Fed is keeping market investors guessing
The Federal Reserve Bank decided to forego further easing for the moment. That doesn’t mean they won’t. It just means the economy is not yet at that point where more stimulus is necessary.
The stock market, which has been climbing all summer in anticipation of another bout of easing, took the news in stride. The averages gyrated up and down but never really went negative despite what some perceived as disappointment. News out of Europe helped sustain the bulls and the averages. Expectations that the European Central Bank "might" further ease monetary conditions next week kept the markets buoyant. And if not Europe next week, the Fed could always ease at their next meeting in mid-September.
Grasping at straws might be a good way of parsing the rumors that surfaced on Friday that the president of Germany’s Bundesbank has threatened to resign. Bulls were guessing that the only reason he would quit is if the European Central Bank was ready to provide more stimulus against the wishes of Germany. It was rather silly that anyone would believe this story, but consider the timing.
The rumor surfaced just hours before the Fed disappointed the markets. It also occurred on one of the slowest trading days of the year when volume was miniscule and participants were leaving early for the three-day Labor Day weekend. It sure smells like an attempt at market manipulation and it worked!
I have to hand it to the central bankers. Both Ben Bernanke and his counterpart in Europe, Mario Draghi, have learned the lingo that keeps the markets high and happy. Words like "fairly soon" or, in Draghi’s case, "exceptional measures," when talking about future stimulus has worked like a charm. In these markets, where nothing matters but the next fix from the central bankers, government officials are becoming adroit in parceling out just enough hope to keep the stock markets calm and trending upward.
The stock market has also been developing a more positive attitude thanks to the Republican convention this week. The most recent polls show Mitt Romney in a dead heat with Barack Obama. Traditionally, stock markets are thought to do better under a Republican administration since their policies are normally more pro-business and pro-stock markets.
Personally, I would like to see the S&P 500 Index break out of its present range, which has bounced between 1,400 and 1,426 throughout the month of August. It has been encouraging that the bottom level of support has held but so has the resistance at the top. This sideways consolidation is constructive since it has allowed the markets to work off any overbought conditions.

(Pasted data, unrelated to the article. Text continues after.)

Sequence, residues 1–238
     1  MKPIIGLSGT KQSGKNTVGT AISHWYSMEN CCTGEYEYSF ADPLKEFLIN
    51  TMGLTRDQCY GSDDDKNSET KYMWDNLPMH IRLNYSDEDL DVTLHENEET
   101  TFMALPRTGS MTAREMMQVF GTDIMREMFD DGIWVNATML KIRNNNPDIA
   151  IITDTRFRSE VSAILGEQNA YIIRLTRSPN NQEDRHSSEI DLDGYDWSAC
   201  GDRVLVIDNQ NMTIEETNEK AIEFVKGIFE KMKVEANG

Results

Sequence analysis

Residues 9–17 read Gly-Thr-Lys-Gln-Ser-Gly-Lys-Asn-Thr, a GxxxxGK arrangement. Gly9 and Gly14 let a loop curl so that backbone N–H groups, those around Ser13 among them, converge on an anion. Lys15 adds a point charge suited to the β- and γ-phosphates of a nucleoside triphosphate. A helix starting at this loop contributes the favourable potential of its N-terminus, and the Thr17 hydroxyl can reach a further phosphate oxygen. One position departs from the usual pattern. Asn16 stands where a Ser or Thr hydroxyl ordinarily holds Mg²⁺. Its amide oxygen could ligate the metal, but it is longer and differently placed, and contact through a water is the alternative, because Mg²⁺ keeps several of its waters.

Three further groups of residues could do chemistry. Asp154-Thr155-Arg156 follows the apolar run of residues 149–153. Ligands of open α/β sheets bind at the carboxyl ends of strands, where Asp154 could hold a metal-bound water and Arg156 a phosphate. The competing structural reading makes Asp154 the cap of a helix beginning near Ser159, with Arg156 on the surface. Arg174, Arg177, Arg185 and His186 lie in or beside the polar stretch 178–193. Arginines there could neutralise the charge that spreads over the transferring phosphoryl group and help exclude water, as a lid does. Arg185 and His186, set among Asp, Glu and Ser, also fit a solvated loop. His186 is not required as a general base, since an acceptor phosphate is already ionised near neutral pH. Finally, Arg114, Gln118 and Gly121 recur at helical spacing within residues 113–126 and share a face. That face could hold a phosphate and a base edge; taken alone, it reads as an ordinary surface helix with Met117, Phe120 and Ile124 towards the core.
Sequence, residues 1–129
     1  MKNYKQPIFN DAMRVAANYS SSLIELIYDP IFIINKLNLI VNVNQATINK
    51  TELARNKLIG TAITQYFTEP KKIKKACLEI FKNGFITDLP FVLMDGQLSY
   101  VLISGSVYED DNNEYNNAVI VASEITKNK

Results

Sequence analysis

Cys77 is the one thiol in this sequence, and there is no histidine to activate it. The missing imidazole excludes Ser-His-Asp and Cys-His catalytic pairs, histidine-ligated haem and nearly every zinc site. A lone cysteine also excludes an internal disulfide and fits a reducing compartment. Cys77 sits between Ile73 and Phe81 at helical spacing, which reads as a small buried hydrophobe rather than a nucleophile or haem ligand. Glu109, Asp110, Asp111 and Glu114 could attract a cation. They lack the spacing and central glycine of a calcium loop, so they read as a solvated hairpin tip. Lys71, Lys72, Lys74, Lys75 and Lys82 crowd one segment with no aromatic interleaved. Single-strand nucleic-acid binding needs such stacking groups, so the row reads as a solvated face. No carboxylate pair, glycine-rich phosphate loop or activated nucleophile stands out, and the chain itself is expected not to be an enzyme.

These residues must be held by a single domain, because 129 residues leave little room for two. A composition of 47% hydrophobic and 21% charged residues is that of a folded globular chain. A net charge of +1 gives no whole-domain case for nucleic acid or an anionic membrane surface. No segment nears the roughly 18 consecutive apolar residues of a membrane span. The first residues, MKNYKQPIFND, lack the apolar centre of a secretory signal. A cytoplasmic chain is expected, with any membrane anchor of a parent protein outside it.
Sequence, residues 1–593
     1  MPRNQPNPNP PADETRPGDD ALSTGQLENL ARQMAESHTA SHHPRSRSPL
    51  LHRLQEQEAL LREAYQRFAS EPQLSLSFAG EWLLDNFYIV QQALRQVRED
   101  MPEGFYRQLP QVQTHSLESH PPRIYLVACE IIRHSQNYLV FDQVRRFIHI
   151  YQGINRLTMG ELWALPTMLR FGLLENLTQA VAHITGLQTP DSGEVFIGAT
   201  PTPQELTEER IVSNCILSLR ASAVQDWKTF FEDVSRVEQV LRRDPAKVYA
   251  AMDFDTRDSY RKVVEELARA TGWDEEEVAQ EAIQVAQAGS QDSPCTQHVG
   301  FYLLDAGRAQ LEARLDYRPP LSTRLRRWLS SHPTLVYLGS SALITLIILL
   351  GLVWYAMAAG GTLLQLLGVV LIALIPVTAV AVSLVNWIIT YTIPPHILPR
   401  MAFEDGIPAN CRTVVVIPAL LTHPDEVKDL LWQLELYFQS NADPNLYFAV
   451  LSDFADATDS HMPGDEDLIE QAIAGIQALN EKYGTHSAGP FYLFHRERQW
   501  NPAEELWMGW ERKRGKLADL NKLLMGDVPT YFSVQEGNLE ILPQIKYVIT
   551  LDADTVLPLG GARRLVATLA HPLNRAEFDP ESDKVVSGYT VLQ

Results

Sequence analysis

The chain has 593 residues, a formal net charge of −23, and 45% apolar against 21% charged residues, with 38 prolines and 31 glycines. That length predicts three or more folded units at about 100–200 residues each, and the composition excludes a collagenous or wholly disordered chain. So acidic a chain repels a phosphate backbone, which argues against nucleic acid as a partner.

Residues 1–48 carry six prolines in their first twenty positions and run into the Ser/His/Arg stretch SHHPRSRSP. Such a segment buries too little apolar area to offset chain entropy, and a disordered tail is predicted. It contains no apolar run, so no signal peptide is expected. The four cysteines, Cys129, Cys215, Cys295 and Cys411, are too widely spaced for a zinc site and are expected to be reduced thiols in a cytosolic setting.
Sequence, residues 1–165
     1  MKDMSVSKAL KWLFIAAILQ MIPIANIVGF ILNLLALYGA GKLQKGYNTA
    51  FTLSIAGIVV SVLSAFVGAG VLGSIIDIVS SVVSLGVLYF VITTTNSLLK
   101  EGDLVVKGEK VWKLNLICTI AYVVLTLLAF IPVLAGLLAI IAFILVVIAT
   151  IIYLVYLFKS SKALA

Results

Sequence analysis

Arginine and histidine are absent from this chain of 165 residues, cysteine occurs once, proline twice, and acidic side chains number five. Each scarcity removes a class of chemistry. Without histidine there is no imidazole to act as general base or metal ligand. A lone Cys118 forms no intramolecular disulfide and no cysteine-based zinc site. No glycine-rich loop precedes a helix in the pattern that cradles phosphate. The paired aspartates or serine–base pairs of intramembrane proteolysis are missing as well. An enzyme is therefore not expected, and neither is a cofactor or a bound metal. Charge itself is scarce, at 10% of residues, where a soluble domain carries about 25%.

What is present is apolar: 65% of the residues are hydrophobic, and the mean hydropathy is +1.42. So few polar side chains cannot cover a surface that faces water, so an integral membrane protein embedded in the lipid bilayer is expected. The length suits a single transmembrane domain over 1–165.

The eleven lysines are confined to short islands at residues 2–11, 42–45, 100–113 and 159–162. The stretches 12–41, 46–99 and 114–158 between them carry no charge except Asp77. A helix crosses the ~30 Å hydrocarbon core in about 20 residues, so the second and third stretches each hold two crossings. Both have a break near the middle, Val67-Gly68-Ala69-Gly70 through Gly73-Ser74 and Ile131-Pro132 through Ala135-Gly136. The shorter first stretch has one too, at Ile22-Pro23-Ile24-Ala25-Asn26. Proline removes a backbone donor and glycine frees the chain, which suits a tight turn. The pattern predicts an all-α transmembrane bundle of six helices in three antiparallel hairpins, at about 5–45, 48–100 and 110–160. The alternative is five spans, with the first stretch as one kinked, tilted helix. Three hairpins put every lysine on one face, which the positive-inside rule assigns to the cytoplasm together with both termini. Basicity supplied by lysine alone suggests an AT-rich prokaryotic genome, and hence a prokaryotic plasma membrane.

Clearly, no one has made much money in August. We are now entering September, considered the worst trading month of the year in terms of market gains. Some strategists are expecting as much as a 10 percent pull back. As I’ve written in the past, stocks could easily pull back 3-5 percent at any time, but that’s about it. With both the U.S. and Europe’s central banks promising to bail out two-thirds of the world’s economies, any dip should be contained and simply provide an opportunity to buy equities at cheaper prices.
A note to my readers in the Berkshires:
I have volunteered to teach a course this fall at Berkshire Community College at the Osher Lifelong Learning Institute (OLLI). The classes will be on Mondays from 2:45-4:15 p.m. throughout September and October. The course, "America’s Future: Buy, Sell or Hold?" will teach students to think critically about such events as this year’s presidential elections, wealth and women, our education system and much more. For more information or to sign up for the course call the OLLI office at (413) 236-2190.
Bill Schmick is registered as an investment advisor representative with Berkshire Money Management. Schmick’s forecasts and opinions are purely his own. None of the information presented here should be construed as an endorsement of BMM or a solicitation to become a client of BMM. Direct inquires to Bill at 1-888-232-6072 (toll free) or e-mail him at Bill@afewdollarsmore.com
TALK TO US
If you'd like to leave a comment (or a tip or a question) about this story with the editors, please email us. We also welcome letters to the editor for publication; you can do that by filling out our letters form and submitting it to the newsroom.